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Cameras rolling and security tight, Fujimori lands in Peru

The former president's return to stand trial on corruption and human rights charges revives national divisions.

September 23, 2007|Patrick J. McDonnell | Times Staff Writer

LIMA, PERU — Former Peruvian President Alberto Fujimori, ordered extradited back to his homeland from neighboring Chile on corruption and human rights charges, touched down on Peruvian soil Saturday for the first time since his decade-long rule ended in disgrace and exile in 2000.

The ex-president's arrival in the capital amid extraordinary security was carried live on news television stations and culminated more than 24 hours of uncertainty about when he would arrive.

Curious Peruvians were keen to catch a glimpse of the divisive figure, reviled by many as a corrupt despot and hailed by others as a hero.

A police aircraft carrying Fujimori from Chile landed on a military base here at 4:38 p.m., almost eight hours after the lumbering Antonov 227 propeller plane left Chile, having stopped twice to refuel.

At one point, local media reported, a doctor attended to the 69-year-old Fujimori because of a drop in his blood pressure.

Once the plane landed, Fujimori was hustled into a waiting helicopter and concealed from the view of cameras. The helicopter took him to the police base where he is being held pending his trial.

Viewers only caught a brief glimpse of the ex-leader as he descended from the helicopter and stepped into an unmarked four-wheel-drive vehicle. The television images indicated he was not handcuffed but flanked by security men.

Snipers were posted atop surrounding buildings, and riot police with shields formed a cordon at the entrance to the base.

The extreme caution surrounding the event underscores the challenge faced by the government of President Alan Garcia, who feels pressure from two sides: pro-Fujimori factions who want their idol freed, and critics of the former president who say he should spend the rest of his life behind bars.

Interior Minister Luis Alva Castro called for calm, and the capital weathered Fujimori's return without a major incident.

Before Fujimori's plane touched down, jubilant supporters had gathered near the air base where he was expected to arrive.

They welcomed him more as a returning champion than as a fallen chief of state who could spend the rest of his life in jail.

"Finally, El Chino, the man Peru needs, is coming back," said Betsy Puelles Gomez, 47, using the common nickname for Fujimori, though he is of Japanese, not Chinese, extraction.

"He was the only one who helped the poor. He defeated terrorism. It's not logical that he would be accused of killing anyone when he defeated the terrorists."

Added Aurora Quevedo Solis, 50: "Fujimori is innocent. He defeated the terrorists and brought us peace."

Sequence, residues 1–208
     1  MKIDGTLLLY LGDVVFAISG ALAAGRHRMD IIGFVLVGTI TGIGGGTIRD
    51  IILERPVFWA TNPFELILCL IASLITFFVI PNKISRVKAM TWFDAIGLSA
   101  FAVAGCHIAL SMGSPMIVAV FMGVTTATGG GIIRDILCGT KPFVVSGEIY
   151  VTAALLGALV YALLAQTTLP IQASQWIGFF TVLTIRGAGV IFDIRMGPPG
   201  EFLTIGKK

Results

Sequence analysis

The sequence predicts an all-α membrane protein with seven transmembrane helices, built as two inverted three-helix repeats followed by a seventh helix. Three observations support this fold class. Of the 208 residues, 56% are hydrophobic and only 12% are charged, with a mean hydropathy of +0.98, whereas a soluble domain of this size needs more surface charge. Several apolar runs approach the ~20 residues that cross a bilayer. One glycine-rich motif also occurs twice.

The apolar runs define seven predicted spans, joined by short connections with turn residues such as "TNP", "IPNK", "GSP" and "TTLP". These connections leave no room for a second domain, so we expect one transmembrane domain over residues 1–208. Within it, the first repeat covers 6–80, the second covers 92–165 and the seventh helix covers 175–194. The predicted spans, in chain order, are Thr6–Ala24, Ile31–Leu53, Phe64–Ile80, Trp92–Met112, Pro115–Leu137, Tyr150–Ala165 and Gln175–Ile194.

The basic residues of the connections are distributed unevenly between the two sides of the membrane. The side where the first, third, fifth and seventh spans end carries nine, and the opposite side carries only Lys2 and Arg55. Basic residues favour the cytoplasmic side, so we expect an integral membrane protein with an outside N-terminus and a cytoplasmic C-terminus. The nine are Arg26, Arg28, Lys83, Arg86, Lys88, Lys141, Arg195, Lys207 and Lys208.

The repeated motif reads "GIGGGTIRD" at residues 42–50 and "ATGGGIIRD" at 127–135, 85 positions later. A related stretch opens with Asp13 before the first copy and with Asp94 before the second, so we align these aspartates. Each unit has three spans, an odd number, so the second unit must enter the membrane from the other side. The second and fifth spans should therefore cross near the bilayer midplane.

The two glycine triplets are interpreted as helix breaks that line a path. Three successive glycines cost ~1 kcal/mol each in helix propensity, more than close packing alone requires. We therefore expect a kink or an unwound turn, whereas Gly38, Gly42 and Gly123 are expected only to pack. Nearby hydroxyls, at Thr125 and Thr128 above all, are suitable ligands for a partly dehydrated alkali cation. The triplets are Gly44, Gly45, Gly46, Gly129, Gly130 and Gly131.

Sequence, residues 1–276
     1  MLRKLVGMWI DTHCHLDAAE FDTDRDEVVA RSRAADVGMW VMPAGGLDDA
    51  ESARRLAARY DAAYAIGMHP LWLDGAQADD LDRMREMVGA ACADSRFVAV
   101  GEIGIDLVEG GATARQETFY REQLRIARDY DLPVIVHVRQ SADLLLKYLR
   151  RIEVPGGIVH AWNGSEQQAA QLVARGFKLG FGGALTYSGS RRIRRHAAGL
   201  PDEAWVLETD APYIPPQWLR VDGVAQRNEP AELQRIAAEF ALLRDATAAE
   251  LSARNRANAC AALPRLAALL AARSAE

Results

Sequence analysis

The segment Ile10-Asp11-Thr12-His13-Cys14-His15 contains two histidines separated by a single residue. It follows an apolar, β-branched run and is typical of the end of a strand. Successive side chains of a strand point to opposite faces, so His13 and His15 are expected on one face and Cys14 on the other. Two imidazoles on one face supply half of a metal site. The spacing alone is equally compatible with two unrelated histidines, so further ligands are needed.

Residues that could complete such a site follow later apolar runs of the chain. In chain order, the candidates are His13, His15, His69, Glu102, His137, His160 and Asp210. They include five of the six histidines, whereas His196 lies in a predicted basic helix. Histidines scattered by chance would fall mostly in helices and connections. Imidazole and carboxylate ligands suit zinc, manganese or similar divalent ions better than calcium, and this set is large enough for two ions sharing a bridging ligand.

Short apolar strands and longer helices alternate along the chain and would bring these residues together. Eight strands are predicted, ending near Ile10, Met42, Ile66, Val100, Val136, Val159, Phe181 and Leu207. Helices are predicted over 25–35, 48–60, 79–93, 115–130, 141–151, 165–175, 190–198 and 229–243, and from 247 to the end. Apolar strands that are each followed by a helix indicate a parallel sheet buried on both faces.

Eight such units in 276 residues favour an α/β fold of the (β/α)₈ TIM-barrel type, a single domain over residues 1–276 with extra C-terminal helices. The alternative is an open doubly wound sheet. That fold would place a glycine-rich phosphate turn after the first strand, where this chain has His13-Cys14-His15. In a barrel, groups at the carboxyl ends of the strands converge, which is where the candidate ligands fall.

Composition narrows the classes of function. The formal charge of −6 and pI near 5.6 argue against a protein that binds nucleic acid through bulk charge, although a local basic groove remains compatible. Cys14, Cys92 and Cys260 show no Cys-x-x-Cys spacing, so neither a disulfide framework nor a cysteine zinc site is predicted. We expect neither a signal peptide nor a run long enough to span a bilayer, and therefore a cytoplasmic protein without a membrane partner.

In the 1990s, Fujimori's government defeated a violent leftist insurgency, headed by the Shining Path guerrilla group, that turned much of the country into a war zone. Bombs were going off in Lima and universities were transformed into guerrilla indoctrination grounds, prisons into insurgent strongholds.

But human rights activists say the fight against the guerrillas had a sinister side: Fujimori allegedly unleashed death squads who killed 25 people in two separate massacres.

Among the charges facing Fujimori here is his alleged responsibility for the government-backed raids that resulted in the 25 deaths.

"Now it's time for Peruvian justice to do the right thing," said Gisela Ortiz, whose brother Enrique was among 10 killed in a 1992 government operation known as the massacre of La Cantuta.

Human rights activists have hailed Fujimori's extradition as sending a message worldwide that despotic and corrupt leaders no longer enjoyed immunity for their actions.

The case is a singular instance of a former head of state being extradited back to face justice in the country he once led.

"This is a major blow against impunity," said Jose Miguel Vivanco, Americas director for Human Rights Watch.

Fujimori has always contended that the dire threat facing the nation when he took office in 1990 required extreme steps, including, at one point, disbanding Congress and suspending the constitution.

"In the year 1990, Peru didn't have any light at the end of the tunnel," Fujimori told a Peruvian radio station Friday before leaving Chile, referring to the year he took office.

He vowed a vigorous defense of his actions in a trial that seems certain to revive the turbulent years of his presidency. Fujimori supporters say the charges against him are politically motivated.

"I will demonstrate that I acted correctly," Fujimori vowed before leaving Chile.

The prospect of his administration being dissected in a court has raised fears of further fissures in a country that is already replete with social divisions.

In the emotionally charged atmosphere of Fujimori's return, Lima Archbishop Juan Luis Cipriani called on Peruvians to put aside past hatred and the desire for revenge.

"The country requires a greater maturity," Cardinal Cipriani said on a radio program.

Fujimori left Peru in 2000 in the midst of a corruption scandal and accusations that massive fraud had helped him win a third term.

He lived five years in Japan, his parents' homeland, before being arrested in Chile in 2005 in a thwarted political comeback. Chile's highest court ordered him extradited to Peru on Friday on a petition from the Peruvian government.

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patrick.mcdonnell @latimes.com

Special correspondent Adriana León in Lima contributed to this report.

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